Weekly Market Recap – March 29 2024

Weekly Recap:

Mild weakness in large cap tech pulled the Nasdaq lower, but otherwise the holiday-shortened week was a positive one for most US stocks. The S&P 500 set a fresh record high on Wednesday and again on Thursday, the 23rd and 24th such highs reached already in 2024 (see the Chart of the Week). Meanwhile, small caps outperformed last week, closing some (but certainly not all) of the YTD relative performance gap with large caps. International stocks also posted modest gains on the week.

Fixed income was mostly stable, with yields rising slightly towards the front end of the curve and falling a few basis points in the long end. Credit spreads were stable and remain on the tight side of long run averages. Muni bonds underperformed slightly on the week, perhaps from being used as a source of funds for the upcoming tax deadline.

In macro news, there were mixed signals regarding consumer confidence in March. The Conference Board’s Consumer Confidence Index printed at 104.7 versus consensus expectations of 107.0, and the February print was revised lower across the board. However, the University of Michigan’s Consumer Sentiment gauge rose nearly 3 points to 79.4 in the final March reading versus the preliminary figure of 76.5 from two weeks ago.

Finally, PCE Deflator data for February was released on Good Friday while markets were closed, and mostly came in right in line with consensus:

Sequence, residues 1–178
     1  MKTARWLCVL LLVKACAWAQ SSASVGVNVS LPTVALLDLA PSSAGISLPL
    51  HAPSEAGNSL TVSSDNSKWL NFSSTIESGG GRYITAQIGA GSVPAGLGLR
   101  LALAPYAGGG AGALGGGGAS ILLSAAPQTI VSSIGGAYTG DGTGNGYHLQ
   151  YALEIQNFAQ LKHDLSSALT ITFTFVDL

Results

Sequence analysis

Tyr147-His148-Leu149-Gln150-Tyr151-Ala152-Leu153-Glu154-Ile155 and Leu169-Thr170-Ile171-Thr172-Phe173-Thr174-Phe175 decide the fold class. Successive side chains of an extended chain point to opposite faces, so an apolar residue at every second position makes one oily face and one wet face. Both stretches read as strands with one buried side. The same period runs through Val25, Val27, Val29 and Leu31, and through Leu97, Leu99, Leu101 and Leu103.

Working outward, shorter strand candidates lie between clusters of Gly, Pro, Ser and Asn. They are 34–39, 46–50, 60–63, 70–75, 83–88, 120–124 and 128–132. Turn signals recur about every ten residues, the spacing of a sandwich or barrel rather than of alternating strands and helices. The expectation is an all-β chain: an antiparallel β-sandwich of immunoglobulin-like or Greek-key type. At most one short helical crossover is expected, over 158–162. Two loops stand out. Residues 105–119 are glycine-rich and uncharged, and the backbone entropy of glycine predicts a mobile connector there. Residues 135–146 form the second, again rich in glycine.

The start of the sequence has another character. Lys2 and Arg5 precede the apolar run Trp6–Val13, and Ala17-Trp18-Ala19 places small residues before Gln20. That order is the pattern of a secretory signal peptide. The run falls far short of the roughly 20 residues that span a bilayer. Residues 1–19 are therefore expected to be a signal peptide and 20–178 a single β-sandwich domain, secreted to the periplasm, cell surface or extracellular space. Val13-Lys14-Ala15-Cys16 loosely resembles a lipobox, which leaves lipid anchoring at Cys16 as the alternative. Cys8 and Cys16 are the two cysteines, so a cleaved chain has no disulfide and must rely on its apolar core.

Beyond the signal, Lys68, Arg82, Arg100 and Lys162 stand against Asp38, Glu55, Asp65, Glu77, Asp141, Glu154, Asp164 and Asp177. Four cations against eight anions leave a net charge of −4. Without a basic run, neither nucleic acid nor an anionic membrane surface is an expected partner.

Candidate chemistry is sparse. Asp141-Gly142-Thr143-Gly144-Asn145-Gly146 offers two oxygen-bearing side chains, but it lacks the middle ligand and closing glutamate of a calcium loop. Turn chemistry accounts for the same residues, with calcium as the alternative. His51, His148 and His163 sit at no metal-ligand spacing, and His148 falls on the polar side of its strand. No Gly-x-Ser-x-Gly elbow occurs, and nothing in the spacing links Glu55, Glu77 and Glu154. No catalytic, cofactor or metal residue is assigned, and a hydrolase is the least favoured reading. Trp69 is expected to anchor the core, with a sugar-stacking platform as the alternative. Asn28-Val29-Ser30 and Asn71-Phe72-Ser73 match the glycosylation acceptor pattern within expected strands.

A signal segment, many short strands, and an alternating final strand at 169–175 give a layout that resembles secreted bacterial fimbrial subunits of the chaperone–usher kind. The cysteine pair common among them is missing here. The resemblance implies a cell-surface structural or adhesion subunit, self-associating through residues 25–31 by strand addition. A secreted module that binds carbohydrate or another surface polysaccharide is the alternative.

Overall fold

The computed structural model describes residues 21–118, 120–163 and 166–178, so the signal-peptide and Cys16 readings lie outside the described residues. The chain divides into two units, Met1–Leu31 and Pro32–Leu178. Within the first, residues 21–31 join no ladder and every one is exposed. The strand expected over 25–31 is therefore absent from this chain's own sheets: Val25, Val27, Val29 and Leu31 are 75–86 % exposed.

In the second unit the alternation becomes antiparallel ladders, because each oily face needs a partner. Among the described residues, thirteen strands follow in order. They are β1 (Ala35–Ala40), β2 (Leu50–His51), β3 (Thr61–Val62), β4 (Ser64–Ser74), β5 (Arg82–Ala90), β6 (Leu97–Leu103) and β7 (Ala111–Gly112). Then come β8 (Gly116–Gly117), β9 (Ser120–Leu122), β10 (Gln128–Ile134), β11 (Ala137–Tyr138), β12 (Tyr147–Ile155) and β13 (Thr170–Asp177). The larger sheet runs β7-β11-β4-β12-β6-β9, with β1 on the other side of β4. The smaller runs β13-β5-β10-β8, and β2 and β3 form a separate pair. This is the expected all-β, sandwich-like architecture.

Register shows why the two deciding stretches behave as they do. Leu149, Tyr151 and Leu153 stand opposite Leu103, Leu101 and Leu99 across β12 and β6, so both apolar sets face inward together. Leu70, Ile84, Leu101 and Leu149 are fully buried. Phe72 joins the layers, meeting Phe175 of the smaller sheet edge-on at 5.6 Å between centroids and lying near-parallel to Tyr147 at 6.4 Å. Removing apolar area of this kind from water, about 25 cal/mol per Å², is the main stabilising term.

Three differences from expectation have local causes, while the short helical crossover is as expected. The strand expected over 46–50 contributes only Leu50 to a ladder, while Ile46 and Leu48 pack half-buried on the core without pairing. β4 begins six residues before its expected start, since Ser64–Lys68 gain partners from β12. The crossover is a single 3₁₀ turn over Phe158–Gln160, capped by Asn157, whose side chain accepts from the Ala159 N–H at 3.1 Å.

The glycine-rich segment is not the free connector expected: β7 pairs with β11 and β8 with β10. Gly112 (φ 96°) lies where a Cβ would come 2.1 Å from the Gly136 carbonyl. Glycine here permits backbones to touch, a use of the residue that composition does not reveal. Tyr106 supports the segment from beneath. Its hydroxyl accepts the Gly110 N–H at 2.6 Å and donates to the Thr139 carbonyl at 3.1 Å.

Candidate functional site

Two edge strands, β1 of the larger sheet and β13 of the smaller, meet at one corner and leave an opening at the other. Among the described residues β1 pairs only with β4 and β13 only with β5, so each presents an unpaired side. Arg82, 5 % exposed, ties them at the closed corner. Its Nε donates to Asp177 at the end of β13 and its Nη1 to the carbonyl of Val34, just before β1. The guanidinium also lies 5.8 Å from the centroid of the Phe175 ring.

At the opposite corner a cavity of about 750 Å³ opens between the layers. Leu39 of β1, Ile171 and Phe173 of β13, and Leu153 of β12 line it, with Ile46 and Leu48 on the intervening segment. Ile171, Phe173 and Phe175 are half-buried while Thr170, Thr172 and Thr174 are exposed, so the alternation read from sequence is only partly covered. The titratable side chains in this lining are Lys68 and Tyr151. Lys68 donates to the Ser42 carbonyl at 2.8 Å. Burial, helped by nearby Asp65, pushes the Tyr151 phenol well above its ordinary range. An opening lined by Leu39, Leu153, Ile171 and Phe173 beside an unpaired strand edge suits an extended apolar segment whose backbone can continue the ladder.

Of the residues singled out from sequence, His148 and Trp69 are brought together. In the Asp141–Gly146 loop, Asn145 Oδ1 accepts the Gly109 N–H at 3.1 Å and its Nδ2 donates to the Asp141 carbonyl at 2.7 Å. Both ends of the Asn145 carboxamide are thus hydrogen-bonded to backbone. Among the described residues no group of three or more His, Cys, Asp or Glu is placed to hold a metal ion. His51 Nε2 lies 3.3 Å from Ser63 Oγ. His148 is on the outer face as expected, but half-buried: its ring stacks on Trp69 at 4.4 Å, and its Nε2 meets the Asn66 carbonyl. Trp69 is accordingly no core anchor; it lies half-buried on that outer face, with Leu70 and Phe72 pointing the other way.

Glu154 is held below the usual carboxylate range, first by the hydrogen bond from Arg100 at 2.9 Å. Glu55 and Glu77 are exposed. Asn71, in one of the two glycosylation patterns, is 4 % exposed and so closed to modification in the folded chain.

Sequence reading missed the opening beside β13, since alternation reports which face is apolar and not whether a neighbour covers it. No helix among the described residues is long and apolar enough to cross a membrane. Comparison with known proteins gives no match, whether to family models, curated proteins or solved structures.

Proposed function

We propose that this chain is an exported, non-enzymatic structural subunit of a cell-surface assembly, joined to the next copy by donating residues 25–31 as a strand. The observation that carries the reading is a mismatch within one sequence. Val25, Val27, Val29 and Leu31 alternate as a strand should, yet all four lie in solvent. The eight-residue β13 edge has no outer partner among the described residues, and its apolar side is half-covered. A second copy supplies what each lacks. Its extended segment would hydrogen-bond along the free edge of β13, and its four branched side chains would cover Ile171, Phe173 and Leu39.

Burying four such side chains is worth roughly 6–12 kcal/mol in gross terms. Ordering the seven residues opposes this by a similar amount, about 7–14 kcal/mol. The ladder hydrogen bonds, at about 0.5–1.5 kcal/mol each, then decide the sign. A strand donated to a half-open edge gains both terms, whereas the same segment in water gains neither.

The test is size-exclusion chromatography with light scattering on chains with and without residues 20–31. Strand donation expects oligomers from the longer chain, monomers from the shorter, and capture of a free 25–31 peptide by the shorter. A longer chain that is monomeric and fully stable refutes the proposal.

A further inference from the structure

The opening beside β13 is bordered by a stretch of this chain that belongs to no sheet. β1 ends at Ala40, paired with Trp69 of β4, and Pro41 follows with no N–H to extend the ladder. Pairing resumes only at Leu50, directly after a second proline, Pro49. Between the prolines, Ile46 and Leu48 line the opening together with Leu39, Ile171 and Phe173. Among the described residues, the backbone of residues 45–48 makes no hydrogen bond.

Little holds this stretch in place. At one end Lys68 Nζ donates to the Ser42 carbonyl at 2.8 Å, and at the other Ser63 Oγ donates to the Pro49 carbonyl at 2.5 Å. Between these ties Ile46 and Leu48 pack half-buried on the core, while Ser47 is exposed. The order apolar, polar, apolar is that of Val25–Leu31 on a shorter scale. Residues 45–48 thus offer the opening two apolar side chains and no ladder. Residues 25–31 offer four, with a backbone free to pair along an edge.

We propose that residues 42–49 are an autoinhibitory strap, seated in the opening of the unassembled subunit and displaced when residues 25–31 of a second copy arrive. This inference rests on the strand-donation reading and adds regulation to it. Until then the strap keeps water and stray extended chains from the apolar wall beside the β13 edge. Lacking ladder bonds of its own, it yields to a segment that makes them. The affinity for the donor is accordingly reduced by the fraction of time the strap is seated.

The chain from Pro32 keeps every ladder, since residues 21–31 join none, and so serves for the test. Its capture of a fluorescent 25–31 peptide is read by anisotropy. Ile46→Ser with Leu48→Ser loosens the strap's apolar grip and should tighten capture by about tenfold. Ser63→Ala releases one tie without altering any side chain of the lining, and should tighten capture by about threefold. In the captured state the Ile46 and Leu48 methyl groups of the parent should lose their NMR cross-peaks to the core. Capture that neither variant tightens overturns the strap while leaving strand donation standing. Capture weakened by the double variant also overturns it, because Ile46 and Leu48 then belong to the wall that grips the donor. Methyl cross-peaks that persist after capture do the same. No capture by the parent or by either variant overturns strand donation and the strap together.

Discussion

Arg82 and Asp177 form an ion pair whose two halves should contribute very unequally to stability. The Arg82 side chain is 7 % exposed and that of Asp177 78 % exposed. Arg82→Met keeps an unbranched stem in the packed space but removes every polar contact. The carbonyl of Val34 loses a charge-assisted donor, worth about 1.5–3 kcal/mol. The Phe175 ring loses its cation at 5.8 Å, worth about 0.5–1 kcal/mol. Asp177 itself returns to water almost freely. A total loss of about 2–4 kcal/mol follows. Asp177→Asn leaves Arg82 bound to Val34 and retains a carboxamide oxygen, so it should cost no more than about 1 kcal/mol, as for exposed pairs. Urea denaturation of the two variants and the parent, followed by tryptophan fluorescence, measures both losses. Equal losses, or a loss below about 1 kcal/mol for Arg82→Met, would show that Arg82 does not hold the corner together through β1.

* PCE Deflator rose +0.3% m/m and +2.5% y/y (consensus = +0.4%; +2.5%)

* PCE Core Deflator rose +0.3% m/m and +2.8% y/y (consensus = +0.3%; +2.8%)

Chart of the Week: S&P 500 (* Denotes Record High)

Albion’s “Four Pillars”:

Economy & Earnings

The US economy was resilient last year, and Wall Street analysts expect full-year 2023 corporate earnings to be roughly flat y/y versus 2022. Analysts are forecasting low double digit EPS growth in 2024; growth of that magnitude will depend on the economy avoiding recession.


The S&P 500’s forward P/E of 21x is above the long run average, so valuation could be a headwind to future returns. More predictive metrics like CAPE, Tobin’s Q, and the Buffett Indicator (Eq Mkt Cap / GDP) suggest that compound annual returns over the next decade are likely to be in the mid single digits.

Interest Rates

Futures markets imply that the Fed will cut overnight interest rates several times in 2024, most likely beginning mid-year. The belly and long end of the curve have already priced in a rate cutting cycle, with yields falling more than 100bp in November/December of 2023.


After reaching 40yr highs in mid-2022, inflation has moderated significantly over the past 18 months. Goods inflation has fallen due to softening demand and supply chain normalization, while services inflation remains somewhat elevated, in part due to heavily lagged shelter costs.